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Last Christmas a dear friend gave me a new cookbook “Gluten-Free Christmas Cookies” by Ellen Brown.  I have tried several recipes and all were fantastic.  This is out of it, I swapped the candied red and green cherries for jam, but you can go old school and use those freaky candied cherries.

Jam and Walnut Thumbprints


1 ½ cup white rice flour

1 cup sifted confectioner’s sugar

½ cup cornstarch

1 tsp. xanthan gum

1 tsp. cream of tartar

Pinch of salt

2 sticks unsalted butter cut into thin slices

1 lg egg

1 tbsp. whole milk

1 tsp. vanilla extract

1 cup finely chopped walnuts

½ cup jam; raspberry, peach, strawberry

Combine dry ingredients in a large bowl food processor, steel blade, blend briefly.  Add butter to work bowl and process off an on until it resembles coarse meal.

Combine egg, milk and vanilla in a small bowl; whisk. Drizzle into the work bowl, pulse about 10-12 times until it forms a stiff dough.  If it doesn’t come together, add more milk a tsp. at a time. I added a tsp. more of milk to get the dough to form up.

Chill the dough for 15 to 20 minutes.

Heat oven to 350 degrees. Put racks in the middle of the oven. Place chopped walnuts in a wide shallow bowl and roll 1 1/2 inch balls of dough.  Roll them in the chopped walnuts, place on a parchment paper lined baking sheet.  Press an indent in with a finger and fill with about ½ tsp. jam.  Bake 14-15 minutes, until just firm but not browned.  They will be very delicate to the touch.  Let cool 2-3 minutes on sheet before carefully moving them to a cooling rack using a metal pancake turner. I bumped a couple and they just fell apart on the sheet; very fragile while hot.  They will solidify once they cool.  I store mine in cookie tins or Tupperware containers.  They won’t last as long as wheat cookies but they get snapped up fast so that shouldn’t be a problem.  I supposed you could freeze them for a week or two if necessary.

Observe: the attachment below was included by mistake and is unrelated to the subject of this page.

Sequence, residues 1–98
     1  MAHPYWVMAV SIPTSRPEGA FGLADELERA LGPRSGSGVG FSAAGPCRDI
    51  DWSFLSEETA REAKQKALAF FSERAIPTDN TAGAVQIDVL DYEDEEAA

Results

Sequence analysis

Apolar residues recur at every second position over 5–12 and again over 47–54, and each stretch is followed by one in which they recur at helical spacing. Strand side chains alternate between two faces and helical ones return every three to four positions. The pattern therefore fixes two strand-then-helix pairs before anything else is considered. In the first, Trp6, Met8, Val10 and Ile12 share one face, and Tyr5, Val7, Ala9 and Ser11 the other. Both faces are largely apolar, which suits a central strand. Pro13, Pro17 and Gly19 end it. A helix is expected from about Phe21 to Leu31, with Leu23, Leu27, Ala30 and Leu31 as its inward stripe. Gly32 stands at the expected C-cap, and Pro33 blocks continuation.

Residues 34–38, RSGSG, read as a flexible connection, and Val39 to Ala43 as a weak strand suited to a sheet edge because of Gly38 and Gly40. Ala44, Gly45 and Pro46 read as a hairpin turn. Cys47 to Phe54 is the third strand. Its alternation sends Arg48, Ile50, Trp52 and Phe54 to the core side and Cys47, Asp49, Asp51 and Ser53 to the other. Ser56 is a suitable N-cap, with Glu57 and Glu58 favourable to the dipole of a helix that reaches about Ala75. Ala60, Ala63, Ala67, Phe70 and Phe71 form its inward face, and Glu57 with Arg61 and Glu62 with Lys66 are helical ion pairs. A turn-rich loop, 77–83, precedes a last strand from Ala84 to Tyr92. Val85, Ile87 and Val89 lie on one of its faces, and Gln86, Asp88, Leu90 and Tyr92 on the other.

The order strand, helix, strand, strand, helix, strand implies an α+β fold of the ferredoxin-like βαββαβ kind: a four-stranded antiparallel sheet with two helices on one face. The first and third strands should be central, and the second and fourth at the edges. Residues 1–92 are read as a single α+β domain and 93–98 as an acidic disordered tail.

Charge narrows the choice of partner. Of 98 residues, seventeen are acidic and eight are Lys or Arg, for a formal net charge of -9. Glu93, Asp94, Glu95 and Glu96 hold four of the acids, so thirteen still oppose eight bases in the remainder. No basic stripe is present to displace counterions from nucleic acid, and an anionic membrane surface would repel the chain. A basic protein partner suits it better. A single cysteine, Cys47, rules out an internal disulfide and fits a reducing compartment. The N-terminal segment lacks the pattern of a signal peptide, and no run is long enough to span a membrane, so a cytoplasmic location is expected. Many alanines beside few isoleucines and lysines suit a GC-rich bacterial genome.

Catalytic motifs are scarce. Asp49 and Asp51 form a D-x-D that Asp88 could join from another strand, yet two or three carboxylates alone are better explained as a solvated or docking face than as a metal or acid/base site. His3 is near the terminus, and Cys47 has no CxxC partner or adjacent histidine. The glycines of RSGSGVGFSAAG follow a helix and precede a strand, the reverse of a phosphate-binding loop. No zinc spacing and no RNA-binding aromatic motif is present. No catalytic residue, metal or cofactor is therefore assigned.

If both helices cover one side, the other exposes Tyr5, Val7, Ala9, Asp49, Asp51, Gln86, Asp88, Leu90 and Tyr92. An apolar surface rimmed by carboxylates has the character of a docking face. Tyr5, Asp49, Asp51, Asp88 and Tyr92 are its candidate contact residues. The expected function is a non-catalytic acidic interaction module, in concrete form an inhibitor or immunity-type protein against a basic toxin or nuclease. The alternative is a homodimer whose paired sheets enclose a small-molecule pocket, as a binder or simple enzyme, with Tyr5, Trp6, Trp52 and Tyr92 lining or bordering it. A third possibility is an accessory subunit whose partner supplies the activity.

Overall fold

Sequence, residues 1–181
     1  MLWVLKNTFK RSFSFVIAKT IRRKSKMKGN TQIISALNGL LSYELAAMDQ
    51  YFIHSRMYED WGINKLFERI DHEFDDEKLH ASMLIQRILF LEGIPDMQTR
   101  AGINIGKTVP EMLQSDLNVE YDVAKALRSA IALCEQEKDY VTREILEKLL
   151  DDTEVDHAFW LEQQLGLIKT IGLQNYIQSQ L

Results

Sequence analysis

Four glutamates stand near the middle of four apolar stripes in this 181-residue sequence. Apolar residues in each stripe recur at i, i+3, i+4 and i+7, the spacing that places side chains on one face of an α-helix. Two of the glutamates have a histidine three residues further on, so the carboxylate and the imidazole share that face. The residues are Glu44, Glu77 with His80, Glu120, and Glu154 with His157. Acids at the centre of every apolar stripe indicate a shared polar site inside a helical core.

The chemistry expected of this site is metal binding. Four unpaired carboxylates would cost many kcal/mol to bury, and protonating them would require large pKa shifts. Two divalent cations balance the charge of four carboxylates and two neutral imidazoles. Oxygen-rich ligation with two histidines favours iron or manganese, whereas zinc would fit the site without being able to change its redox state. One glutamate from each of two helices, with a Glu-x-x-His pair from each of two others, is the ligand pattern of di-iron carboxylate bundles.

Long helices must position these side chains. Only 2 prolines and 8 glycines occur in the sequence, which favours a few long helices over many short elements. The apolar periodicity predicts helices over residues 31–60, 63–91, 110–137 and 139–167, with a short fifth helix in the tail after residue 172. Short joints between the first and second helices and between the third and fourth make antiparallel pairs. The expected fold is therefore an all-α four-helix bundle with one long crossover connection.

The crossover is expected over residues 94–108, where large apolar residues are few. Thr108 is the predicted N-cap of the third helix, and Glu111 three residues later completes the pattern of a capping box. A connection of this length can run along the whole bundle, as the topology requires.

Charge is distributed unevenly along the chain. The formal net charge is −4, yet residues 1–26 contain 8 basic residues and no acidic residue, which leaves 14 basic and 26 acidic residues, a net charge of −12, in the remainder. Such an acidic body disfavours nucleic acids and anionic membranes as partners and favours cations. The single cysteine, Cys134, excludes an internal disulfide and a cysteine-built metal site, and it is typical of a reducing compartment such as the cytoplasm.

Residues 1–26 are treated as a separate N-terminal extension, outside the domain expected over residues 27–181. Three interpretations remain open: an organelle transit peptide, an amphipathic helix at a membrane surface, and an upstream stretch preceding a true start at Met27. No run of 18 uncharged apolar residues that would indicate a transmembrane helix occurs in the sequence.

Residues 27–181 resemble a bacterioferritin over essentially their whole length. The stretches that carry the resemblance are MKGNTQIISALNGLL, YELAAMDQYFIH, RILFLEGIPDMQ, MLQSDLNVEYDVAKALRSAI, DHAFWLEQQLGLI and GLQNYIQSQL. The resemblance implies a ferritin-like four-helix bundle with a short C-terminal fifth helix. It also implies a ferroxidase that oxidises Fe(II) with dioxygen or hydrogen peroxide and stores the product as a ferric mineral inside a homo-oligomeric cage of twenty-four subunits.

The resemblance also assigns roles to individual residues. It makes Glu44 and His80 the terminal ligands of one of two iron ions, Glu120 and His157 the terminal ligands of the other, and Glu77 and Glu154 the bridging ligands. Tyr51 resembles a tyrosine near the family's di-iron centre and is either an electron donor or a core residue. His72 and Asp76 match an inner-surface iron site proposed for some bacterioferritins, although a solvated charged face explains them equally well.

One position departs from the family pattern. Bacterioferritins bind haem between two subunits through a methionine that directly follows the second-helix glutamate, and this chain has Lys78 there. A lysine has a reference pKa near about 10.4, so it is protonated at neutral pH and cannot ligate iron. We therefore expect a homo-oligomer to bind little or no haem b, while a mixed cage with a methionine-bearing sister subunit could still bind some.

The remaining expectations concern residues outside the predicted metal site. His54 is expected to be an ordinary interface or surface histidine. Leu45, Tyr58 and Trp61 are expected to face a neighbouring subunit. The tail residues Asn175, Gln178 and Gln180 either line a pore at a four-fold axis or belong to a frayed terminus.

They are not too sweet and so delicate, great with a cup of tea or coffee.  As good, if not better, then when I made them with all purpose wheat flour 2 years ago before I had to go gluten free.  Your family will be amazed that they are gf, no one you serve them to will ever guess.  Totally tasty and fun to make with your kids! Enjoy.

PS: my sisters who both eat gluten/wheat loved these cookies and ate a whole bunch this past weekend!  In fact, our lunch dessert Sunday was a big plate of homemade Christmas cookies, all gluten free and there were only 3 cookies left once everyone had all they wanted.